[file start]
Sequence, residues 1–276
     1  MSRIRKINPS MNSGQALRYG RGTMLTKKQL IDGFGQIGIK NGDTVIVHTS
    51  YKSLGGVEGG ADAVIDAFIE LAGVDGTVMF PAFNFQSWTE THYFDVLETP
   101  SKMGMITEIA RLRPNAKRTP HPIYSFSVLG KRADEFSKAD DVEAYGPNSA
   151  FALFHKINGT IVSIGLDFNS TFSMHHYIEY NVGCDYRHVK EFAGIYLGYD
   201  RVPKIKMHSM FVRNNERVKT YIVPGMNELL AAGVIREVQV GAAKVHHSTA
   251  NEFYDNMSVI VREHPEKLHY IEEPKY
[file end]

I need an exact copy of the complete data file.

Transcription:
Sequence, residues 1–276
     1  MSRIRKINPS MNSGQALRYG RGTMLTKKQL IDGFGQIGIK NGDTVIVHTS
    51  YKSLGGVEGG ADAVIDAFIE LAGVDGTVMF PAFNFQSWTE THYFDVLETP
   101  SKMGMITEIA RLRPNAKRTP HPIYSFSVLG KRADEFSKAD DVEAYGPNSA
   151  FALFHKINGT IVSIGLDFNS TFSMHHYIEY NVGCDYRHVK EFAGIYLGYD
   201  RVPKIKMHSM FVRNNERVKT YIVPGMNELL AAGVIREVQV GAAKVHHSTA
   251  NEFYDNMSVI VREHPEKLHY IEEPKY